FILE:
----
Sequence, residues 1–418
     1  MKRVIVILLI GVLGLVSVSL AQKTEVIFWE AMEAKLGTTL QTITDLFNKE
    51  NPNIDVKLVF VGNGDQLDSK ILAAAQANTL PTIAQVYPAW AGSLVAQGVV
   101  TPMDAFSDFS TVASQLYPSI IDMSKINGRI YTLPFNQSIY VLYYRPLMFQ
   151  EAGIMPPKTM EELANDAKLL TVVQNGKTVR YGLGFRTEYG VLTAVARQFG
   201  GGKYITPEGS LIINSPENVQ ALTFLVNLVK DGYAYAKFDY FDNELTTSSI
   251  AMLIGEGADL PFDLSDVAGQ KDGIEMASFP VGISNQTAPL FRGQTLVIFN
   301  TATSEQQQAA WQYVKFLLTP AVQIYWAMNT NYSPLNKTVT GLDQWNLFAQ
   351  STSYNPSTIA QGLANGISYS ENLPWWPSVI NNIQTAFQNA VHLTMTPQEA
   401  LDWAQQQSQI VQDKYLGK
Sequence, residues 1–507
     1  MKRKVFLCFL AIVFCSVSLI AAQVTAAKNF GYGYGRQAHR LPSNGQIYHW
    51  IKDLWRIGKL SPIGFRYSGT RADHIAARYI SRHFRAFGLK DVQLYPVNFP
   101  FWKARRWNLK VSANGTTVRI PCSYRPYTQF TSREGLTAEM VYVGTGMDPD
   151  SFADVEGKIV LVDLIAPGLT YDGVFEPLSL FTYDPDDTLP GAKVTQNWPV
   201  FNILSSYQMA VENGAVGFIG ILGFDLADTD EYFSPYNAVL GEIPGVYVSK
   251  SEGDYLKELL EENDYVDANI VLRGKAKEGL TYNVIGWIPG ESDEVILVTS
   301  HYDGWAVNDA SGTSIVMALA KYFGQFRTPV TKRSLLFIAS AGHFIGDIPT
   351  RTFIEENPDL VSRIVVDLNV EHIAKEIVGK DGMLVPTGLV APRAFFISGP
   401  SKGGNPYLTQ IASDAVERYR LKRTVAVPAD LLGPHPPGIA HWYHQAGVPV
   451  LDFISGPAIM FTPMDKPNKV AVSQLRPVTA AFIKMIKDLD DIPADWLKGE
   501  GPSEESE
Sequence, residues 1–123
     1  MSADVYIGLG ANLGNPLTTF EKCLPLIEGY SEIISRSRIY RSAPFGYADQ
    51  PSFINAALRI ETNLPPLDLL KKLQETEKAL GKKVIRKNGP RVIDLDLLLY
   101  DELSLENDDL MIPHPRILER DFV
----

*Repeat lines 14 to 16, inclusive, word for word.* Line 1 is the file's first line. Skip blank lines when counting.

   101  FWKARRWNLK VSANGTTVRI PCSYRPYTQF TSREGLTAEM VYVGTGMDPD
   151  SFADVEGKIV LVDLIAPGLT YDGVFEPLSL FTYDPDDTLP GAKVTQNWPV
   201  FNILSSYQMA VENGAVGFIG ILGFDLADTD EYFSPYNAVL GEIPGVYVSK